Dieting is much more about conserving muscle than it is about losing fat….The process of just losing weight is very straight forward…You burn more calories than you take in, and off it comes..And this can be done simply by eating less and less….While this is not always easy physically and psychologically, physiologically it is extremely simple, and anyone can do it, given enough reason….All you must do is look at the pictures we see of emaciated people in impoverished countries who don’t have enough food to eat, or look at historical pictures of starved prisoners of war….They lost a ton of weight, and every single one of them did…..So the notion that “I can’t lose weight” is a complete fallacy….You just won’t lose weight because it’s too hard..
Now that we have established that…the goal of our dieting is not to lose all of our muscle and tissue and have our ribs poking through our skin. Rather, it is to lose fat, and only fat. The tricky thing about burning fat is that you can’t burn it that fast, and even slower the leaner you get. So we must keep a slower pace of loss to avoid cannibalizing muscle for energy. Below are the three key elements of a diet that loses fat and not muscle:
Energy expenditure should not exceed the rate at which we can pull energy from fat - Once we are glycogen depleted, our body must pull energy from its stores..This can only be body fat, or muscle, as there is nothing else left. Where many people make a bad move is they assume if they get on the treadmill for an hour while glycogen depleted that they will burn more fat….NOT TRUE….You will burn fat, but as mentioned previously, we can only pull from our fat supplies so fast, and anything done in excess of this is invariably going to cause us to pull more from muscle, or collapse.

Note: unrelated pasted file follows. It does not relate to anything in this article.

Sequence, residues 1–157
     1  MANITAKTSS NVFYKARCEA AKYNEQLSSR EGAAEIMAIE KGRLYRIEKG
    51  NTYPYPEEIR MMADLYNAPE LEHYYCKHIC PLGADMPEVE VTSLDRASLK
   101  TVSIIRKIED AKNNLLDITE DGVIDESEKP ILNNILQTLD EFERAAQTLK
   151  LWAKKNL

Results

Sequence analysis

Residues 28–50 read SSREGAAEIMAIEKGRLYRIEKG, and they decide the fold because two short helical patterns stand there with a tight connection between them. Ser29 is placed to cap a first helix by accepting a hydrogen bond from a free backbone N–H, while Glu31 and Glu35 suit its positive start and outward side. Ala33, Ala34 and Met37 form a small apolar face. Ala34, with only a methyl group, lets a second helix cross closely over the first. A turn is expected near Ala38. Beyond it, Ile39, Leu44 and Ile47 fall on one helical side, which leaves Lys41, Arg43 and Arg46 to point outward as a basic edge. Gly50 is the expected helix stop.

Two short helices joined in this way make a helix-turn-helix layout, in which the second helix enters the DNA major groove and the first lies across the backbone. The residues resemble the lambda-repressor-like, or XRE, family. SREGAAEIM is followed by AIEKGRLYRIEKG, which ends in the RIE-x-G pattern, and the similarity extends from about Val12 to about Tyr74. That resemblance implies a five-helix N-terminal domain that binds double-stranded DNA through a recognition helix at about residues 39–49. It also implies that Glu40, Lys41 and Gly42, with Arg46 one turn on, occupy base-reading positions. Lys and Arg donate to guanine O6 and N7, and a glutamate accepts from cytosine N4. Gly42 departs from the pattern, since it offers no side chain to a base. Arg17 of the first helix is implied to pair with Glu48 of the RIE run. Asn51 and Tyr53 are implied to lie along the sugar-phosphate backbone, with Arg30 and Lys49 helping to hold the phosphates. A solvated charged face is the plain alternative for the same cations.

Focus on the time spent in a deficit, not total calories burned – Pivoting from #1, the amount of calories we eat in a day versus the amount of calories we burn in a day will dictate weight loss, but it will not dictate FAT loss. Consider two scenarios…..Two people, Brian and Tom both eat 2000 calories today and both expend 3000 calories, so both have a net loss of 1000 Calories….However, Brian runs for 1 hour upon waking then comes home and eats 1000 calories then sits on the couch and eats the rest of his meals throughout the day as he remains on the couch…. Whereas Tom gets up and eats 400 calories, walks for ½ hour, eats another 600 calories then goes and trains, eats again, then walks again later in the day. So…who loses more fat??? Tom by far….While Brian burns loads of calories first thing in the morning, he then comes home and has a big meal an stays still, so he really only spends that initial hour in a calorie deficit, where he was spending calories too fast to get from fat…So he burned a lot of muscle. Whereas Tom ate small amounts throughout the day and kept his energy expenditure slow and consistent…So he remained in a deficit throughout the day. Tom was burning fat for most of the day and ended up burning a lot more than Brian.
Timing your energy intake – This basically means you want to have energy when you need it, and not when you don’t…So positioning energy intake in the hour or so before training will accomplish two things….It will give you energy/fuel for a good workout, and it will also allow you to burn through the energy during your workout, so by the end of the workout you are depleted again and go right back into fat burning mode.